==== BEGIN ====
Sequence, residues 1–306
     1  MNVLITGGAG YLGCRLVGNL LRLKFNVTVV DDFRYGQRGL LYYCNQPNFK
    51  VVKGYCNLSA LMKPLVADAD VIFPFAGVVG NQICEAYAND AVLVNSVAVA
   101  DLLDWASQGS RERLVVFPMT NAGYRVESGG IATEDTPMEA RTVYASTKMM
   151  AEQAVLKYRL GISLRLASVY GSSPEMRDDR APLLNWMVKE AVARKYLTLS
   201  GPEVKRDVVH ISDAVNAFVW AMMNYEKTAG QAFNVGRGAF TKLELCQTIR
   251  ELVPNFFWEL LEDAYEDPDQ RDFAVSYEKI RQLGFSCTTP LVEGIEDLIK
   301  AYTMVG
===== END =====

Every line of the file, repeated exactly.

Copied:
Sequence, residues 1–306
     1  MNVLITGGAG YLGCRLVGNL LRLKFNVTVV DDFRYGQRGL LYYCNQPNFK
    51  VVKGYCNLSA LMKPLVADAD VIFPFAGVVG NQICEAYAND AVLVNSVAVA
   101  DLLDWASQGS RERLVVFPMT NAGYRVESGG IATEDTPMEA RTVYASTKMM
   151  AEQAVLKYRL GISLRLASVY GSSPEMRDDR APLLNWMVKE AVARKYLTLS
   201  GPEVKRDVVH ISDAVNAFVW AMMNYEKTAG QAFNVGRGAF TKLELCQTIR
   251  ELVPNFFWEL LEDAYEDPDQ RDFAVSYEKI RQLGFSCTTP LVEGIEDLIK
   301  AYTMVG